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High Line spurs jump in nearby home prices: StreetEasy

Apartments by the High Line are demanding higher

Apartments by the High Line are demanding higher sales prices than even those in the neighborhood just a couple blocks away, according to StreetEasy. Photo Credit: iStock

The High Line has already added greenery to the West Side since it first opened seven years ago, and a new study found that it’s adding a different kind of green when it comes to nearby real estate: plenty of cash.

A report released Monday by StreetEasy chronicles a “halo effect” for building prices surrounding the elevated park, soaring as high as 20% above the area just two blocks east of it.

The median sales prices for buildings near the first and second sections of the park, between 10th and 11th avenues and Gansevoort and West 30th Street, were roughly $4.4 million and $6 million in May.

Two to three blocks east, however, the median price was $1.93 million.

“The impact and how it redefined luxury in the neighborhood made it unique,” StreetEasy economist Krishna Rao said of the High Line. “This was a risk that New York City took and it’s a risk that succeeded exponentially. ”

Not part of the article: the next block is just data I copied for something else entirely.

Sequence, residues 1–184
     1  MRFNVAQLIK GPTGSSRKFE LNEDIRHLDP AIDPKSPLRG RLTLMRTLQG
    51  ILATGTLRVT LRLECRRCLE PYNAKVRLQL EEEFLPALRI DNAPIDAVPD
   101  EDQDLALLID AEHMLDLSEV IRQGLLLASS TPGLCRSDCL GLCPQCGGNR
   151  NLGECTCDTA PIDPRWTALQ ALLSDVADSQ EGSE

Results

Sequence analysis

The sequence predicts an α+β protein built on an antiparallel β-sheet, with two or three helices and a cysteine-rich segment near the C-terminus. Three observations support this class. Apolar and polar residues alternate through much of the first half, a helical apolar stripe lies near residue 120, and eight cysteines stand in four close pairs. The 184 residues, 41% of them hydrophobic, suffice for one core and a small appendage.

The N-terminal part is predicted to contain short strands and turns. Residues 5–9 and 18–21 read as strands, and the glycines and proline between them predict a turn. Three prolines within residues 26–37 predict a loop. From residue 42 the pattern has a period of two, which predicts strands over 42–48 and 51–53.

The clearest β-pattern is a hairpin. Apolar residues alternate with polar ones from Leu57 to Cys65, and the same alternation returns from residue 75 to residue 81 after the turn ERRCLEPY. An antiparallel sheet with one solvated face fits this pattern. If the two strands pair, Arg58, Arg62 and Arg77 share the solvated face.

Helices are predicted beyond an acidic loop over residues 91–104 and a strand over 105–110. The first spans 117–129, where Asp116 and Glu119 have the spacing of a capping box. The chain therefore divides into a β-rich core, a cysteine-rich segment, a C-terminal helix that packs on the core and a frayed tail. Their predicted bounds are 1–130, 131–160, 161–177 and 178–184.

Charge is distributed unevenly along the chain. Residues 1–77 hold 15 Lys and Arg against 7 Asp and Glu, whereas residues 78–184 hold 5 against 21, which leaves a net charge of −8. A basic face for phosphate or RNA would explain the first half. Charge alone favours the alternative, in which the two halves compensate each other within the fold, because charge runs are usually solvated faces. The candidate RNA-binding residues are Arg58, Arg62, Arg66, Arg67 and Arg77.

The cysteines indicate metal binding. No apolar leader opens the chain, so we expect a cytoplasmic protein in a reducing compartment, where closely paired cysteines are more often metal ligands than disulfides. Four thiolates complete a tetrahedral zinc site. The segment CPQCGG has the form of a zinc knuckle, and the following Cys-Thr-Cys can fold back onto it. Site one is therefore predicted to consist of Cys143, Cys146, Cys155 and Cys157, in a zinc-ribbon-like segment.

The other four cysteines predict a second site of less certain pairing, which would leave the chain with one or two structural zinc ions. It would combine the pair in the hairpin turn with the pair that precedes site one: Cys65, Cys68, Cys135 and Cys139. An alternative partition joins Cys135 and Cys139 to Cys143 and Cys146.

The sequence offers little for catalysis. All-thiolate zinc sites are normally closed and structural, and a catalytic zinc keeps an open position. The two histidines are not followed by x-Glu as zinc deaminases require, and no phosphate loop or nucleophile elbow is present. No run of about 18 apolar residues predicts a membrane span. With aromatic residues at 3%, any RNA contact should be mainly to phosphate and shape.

The high prices won’t abate any time soon, according to the trends. Since 2011, prices have increased by 50.6% near section one and 48.2% near section 2 while the rest of the neighborhood saw increases of 31.4%.

StreetEasy said even buildings pre-dating the High Line and surrounding the park demand higher prices than newer developments outside the immediate area.

For example, the residential building at 456 West 19th Street opened in 2008 and has a median sponsor sales price of nearly $2 million. The Avant Chelsea condos, which are two blocks away and opened in the same year, have a median sponsor sales price of $1.5 million.

StreetEasy attributed the surge to zoning changes allowing for higher-end developments around the elevated track.

Serge Reda, a real estate professor at Fordham University who lives near the High Line, said the park’s one-of-a kind placement made the nearby buildings a hotter commodity than the other new buildings in the area.

“You have a green space and it’s not an eyesore,” he said.

Robert Hammond, the executive director of Friends of the High Line, the non profit that runs the park, said it saw 7.6 million visitors in 2015. Two million New Yorkers visit the park each year and that number is rising.

Rao noted that the High Line’s real estate ripple effect doesn’t appear to be fading anytime soon, even while the rest of the city’s luxury market has seen declines recently, according to StreetEasy data.

“It keeps people optimistic about the area,” he said of the park.


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